When I insisted that protagonist of my story was female, one reviewer said, “Oh, it’s a melodrama.” I didn’t even know what that was.
One internet source claimed a melodrama exaggerated the events of a story to appeal to emotion. Another internet dictionary said a melodrama emphasized events over character. A third explained that a melodrama was unconcerned with cause and effect.
One authoritative source claimed that in a melodrama evil is always punished and good was always rewarded. But wasn’t that element part of the standard sic-fi formula?
Here’s the contextual scheme:
“There are stock characters (hero, heroine, comic character & villain) who do not change psychologically or morally, which means the interest lies in the manipulation of the plot in which fate, Providence and justice play important parts. The action arises out of the evil machinations of the cold-blooded villain operating on a falsely accused hero, a captive maiden, long suffering elders or some variation or combination of the above.” (http://www.wayneturney.20m.com/melodrama.htm)
Sound familiar? This source even used Star Wars as an illustrative example.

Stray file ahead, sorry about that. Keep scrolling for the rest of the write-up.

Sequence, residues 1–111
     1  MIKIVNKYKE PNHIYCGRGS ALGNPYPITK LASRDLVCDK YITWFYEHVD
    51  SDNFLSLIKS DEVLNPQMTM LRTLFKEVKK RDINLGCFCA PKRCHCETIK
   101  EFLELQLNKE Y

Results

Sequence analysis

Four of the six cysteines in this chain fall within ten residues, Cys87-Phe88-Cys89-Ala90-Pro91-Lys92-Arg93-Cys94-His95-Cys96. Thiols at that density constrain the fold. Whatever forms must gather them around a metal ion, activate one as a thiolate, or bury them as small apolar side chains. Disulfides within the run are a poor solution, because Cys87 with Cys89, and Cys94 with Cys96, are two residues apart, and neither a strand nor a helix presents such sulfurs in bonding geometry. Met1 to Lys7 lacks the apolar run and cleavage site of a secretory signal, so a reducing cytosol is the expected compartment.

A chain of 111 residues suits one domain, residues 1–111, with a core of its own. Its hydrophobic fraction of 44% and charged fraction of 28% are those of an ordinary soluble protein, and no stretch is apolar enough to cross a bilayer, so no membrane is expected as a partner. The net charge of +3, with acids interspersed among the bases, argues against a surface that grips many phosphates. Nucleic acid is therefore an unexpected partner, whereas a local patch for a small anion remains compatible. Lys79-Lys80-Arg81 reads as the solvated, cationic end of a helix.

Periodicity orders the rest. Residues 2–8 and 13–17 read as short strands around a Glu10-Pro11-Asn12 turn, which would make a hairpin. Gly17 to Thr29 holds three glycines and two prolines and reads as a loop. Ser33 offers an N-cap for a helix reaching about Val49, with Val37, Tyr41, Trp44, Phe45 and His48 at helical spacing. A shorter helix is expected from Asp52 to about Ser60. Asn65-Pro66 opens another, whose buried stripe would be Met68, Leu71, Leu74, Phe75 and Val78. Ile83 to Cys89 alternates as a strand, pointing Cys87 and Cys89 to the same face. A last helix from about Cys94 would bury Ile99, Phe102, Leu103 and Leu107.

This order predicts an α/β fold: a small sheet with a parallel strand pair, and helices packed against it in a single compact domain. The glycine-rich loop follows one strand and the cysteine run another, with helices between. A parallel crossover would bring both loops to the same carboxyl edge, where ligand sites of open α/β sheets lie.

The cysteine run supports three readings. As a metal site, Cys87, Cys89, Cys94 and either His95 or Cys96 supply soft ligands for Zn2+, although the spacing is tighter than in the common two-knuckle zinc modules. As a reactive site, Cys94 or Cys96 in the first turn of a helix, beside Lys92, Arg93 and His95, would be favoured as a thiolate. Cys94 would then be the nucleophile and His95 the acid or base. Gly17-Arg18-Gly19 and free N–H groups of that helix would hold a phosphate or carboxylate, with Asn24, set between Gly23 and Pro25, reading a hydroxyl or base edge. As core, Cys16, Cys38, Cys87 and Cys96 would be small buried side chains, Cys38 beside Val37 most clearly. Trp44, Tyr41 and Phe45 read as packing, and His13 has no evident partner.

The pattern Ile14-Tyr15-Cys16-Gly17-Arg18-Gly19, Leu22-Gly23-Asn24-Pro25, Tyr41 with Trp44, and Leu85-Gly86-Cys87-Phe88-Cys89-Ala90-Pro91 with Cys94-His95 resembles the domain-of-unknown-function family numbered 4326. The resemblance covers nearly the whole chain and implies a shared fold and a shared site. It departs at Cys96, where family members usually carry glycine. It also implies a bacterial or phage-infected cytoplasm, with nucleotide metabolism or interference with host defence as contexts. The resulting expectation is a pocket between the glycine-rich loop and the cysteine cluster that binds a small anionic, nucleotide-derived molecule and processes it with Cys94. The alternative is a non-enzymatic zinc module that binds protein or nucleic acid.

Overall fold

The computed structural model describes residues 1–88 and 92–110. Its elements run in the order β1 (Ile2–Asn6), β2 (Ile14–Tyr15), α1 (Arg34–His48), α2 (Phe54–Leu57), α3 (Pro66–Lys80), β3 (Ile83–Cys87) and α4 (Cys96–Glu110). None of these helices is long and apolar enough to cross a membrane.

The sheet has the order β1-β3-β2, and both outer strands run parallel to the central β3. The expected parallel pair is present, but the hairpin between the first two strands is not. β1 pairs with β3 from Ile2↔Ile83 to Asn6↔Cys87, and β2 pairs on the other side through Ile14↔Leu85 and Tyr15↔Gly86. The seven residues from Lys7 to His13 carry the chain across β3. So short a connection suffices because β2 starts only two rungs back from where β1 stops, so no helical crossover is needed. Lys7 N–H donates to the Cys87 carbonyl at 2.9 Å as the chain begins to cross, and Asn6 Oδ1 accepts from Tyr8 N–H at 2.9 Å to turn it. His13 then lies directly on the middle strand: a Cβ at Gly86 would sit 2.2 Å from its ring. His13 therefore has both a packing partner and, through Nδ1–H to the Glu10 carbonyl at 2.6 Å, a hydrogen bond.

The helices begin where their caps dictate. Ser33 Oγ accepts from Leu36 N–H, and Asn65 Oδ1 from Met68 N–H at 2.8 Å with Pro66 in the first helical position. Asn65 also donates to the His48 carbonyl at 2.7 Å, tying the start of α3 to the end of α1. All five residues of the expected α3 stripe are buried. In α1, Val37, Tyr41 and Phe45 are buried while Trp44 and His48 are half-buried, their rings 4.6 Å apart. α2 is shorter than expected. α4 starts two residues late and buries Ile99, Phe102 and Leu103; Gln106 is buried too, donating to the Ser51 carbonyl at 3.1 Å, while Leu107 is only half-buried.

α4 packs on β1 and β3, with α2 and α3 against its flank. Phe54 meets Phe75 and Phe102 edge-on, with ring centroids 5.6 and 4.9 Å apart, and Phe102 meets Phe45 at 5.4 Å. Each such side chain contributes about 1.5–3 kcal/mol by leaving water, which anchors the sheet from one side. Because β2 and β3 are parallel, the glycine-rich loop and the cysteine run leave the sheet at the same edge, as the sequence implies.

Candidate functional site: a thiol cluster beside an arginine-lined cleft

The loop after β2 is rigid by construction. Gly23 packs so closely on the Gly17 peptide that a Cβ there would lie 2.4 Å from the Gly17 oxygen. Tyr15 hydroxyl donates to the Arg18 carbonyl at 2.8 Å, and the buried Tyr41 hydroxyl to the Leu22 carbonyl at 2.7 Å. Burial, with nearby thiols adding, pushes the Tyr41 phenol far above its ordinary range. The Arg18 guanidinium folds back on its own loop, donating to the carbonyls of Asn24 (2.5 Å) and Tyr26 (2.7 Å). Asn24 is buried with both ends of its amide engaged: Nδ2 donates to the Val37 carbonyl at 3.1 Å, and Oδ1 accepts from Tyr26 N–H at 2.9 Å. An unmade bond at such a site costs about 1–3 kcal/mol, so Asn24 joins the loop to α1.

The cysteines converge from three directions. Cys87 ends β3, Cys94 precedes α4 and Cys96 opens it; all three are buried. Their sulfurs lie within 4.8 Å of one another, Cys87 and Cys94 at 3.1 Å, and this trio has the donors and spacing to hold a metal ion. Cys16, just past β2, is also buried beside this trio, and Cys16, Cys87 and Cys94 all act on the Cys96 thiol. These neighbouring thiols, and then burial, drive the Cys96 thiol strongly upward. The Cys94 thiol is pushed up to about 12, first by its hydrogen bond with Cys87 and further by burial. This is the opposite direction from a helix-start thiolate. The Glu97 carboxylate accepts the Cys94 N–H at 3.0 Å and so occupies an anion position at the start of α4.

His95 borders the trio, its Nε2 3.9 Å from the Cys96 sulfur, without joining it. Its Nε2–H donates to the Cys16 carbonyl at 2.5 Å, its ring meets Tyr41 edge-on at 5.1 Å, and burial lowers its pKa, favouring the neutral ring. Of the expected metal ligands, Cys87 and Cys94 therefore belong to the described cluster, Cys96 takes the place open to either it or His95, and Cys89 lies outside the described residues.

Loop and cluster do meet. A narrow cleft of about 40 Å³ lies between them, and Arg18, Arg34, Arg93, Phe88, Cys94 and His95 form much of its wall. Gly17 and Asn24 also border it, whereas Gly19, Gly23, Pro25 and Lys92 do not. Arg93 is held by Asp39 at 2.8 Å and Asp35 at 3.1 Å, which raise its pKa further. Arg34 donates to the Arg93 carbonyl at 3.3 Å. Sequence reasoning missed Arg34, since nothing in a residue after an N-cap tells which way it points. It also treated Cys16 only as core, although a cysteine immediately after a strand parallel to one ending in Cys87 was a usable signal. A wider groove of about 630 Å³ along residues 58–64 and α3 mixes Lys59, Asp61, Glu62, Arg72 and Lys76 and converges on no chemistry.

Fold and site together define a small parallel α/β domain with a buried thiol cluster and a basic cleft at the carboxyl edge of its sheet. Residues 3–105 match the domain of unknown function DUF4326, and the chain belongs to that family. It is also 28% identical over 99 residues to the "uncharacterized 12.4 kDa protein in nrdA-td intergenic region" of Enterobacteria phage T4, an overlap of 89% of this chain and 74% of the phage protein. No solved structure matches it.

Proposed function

This formula is so pervasive, we no longer question the structure. I once wrote an essay on how The Outlaw Josey Wales was the exact same plot as the first Muppet Movie where Kermit the Frog was pushed out of the swamp by a bad guy, went on adventure while he gained several sidekicks, found a place he wanted to settle, negotiate with the tribes who already lived there, but had to first finish the contest with the bad guy who was pursuing him.
If this formula works for the men, then why did the reviewer assume that a story with a female protagonist was automatically classified as melodrama?
Melodrama was popular in vaudeville which was live theater brought to immigrant America. Since audience members at the time often struggled with English and were really there to see the women in skimpy costumes, plots of the vignettes were often thin excuses for the landlord to chase the tenant dressed in a slip around the table.
The story was not important; the cause and effect were secondary to the slapstick and discothèque. A recent example would be Burlesque with Cher and Christina Aguilera that used a formula plot that no viewer cared about.